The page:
Wednesday, November 19, 2008

Quarter bore

Back in 1978, as a young Lieutenant, I used to lay in my BOQ and read Gun Digest. One article stuck in my mind, about a cartridge I had never seen, the .25-06. It was standardized by Remington in 1969, but had long been a wildcat cartridge, first formed by Adolph Neidner in 1920. It predates the .270 Winchester by five years. The .25-06 isn't a cartridge that one sees a lot of in these parts, being more a cartridge of the open plains. It sends out a 115 grain bullet at over 3000 fps and is considered a good cartridge for whitetail deer. Neidner designed it as a dual-purpose cartridge and with today's good powders and premium bullets, some consider it the bottom cartridge capable of taking elk. I don't think I'd ever shoot at an elk with a quarter bore.

Still, it's a cartridge that's been around for a long time and has a loyal following. It's basically a .30-06 necked down to .25 caliber, so it'll fit in any action that the .30-06 will handle. Compared to more modern cartridges, the .25-06 is about equal to the brand-new .25 Winchester Super Short Magnum and is only a couple of hundred feet per second behind the .257 Weatherby Magnum. In short, it's a fast cartridge, one that can reach out across valleys and plains. It has a reputation as being a very accurate cartridge.

I've always wanted a .25-06 since those financially broke days in the late '70s. It's been on my back burner wish list since then. I'd still look at the gun magazines from time to time and wonder if I'd ever have the opportunity to own one.

You might recall a few days ago I was in my favorite pawn shop looking at a Ruger Model 77 in .270. I like the Ruger action because it's a newer, updated version of the Mauser 98. The action has that big Mauser claw extractor and is just as slick as butter. Fifteen years ago Ruger bolt actions had a reputation for being average shooters. Then we learned about free-floating barrels and bedding stocks. With just a little tweaking, a Ruger action can be made to shoot just fine. Still, I didn't want a .270 and it was priced a little high, at $450.00 for a used rifle. Plus, the action was a weird color, being kind of a deep purple rather than a rich blue.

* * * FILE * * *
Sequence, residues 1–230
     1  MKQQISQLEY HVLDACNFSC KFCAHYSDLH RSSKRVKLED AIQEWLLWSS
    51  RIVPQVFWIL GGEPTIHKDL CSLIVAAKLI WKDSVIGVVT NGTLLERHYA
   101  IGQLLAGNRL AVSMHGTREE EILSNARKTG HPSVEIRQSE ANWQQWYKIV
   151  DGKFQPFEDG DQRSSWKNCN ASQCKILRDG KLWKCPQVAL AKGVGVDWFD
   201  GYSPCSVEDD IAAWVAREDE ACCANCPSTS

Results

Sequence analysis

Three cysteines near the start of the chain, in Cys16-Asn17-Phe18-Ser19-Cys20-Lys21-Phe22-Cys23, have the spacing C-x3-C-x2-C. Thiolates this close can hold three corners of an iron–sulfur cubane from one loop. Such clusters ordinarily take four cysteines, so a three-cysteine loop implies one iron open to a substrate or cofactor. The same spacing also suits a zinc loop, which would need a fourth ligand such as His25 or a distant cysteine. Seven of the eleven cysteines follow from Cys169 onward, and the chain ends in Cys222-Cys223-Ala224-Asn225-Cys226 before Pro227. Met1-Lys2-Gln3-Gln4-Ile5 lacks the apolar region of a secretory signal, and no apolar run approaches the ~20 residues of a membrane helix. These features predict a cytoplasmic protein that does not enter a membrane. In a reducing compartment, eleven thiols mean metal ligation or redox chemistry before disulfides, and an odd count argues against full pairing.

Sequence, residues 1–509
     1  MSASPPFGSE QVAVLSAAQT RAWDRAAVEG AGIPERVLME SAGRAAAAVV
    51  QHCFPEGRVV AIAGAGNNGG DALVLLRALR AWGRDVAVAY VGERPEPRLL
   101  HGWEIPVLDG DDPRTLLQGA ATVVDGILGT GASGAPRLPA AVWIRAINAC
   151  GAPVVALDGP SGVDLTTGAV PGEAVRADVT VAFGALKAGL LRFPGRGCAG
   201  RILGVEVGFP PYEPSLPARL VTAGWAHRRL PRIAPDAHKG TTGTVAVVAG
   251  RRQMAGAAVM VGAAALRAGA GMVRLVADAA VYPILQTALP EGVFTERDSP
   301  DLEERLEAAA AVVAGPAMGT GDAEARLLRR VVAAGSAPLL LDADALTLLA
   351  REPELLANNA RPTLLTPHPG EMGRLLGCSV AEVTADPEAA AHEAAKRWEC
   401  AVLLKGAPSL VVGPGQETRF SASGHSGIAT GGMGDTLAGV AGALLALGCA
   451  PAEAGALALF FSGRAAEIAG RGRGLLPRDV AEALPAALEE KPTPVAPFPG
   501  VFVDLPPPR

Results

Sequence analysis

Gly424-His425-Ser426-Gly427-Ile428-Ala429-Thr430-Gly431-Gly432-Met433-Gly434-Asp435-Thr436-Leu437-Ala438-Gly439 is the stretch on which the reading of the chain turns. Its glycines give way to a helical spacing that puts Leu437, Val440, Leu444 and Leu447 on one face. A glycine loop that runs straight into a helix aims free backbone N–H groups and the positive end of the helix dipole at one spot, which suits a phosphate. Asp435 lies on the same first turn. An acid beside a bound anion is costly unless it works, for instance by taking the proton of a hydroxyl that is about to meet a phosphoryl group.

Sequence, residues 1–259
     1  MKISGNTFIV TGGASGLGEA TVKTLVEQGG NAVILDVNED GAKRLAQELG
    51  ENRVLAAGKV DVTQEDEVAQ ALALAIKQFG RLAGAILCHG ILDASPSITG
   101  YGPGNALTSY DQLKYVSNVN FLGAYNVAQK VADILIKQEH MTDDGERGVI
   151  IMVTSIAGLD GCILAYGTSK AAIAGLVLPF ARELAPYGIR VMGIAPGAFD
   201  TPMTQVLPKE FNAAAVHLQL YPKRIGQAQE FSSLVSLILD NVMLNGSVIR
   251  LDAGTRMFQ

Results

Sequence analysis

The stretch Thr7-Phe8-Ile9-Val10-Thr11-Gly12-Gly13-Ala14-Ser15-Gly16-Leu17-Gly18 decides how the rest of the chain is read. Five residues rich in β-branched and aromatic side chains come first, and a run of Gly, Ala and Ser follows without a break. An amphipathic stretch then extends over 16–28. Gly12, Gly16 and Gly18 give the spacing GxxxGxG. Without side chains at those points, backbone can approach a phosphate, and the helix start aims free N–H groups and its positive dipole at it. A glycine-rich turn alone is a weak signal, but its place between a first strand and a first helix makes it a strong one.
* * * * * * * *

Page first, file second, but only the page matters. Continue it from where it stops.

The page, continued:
I hemmed and hawed with the counterguy and decided to put the rifle back on the shelf. He wasn't through with me, though. "I've got another Ruger over here, an older one with the tang safety." He picked up the rifle and handed it to me.

"Oh, really", I said. I looked down and saw the caliber .25-06 stamped on the barrel. "I bet this one's overpriced too." I looked at the tag and saw it was marked at $350.00.

"We don't have as much money in that rifle." He said. "It's an older one with the tang safety and it's in a caliber no one wants. How about $300.00?"

"Hell", I said. "It's against my better judgment, but give me a 4473."

It's got a 4X Bushnell scope mounted. That scope will go in a pile for grandkids .22 rifles. It's got a lot of closet dust in the crevices and the barrel needs to be floated. While I've got the action out of the stock, I'll go ahead and bed it. The serial number reveals it was manufactured in 1992.

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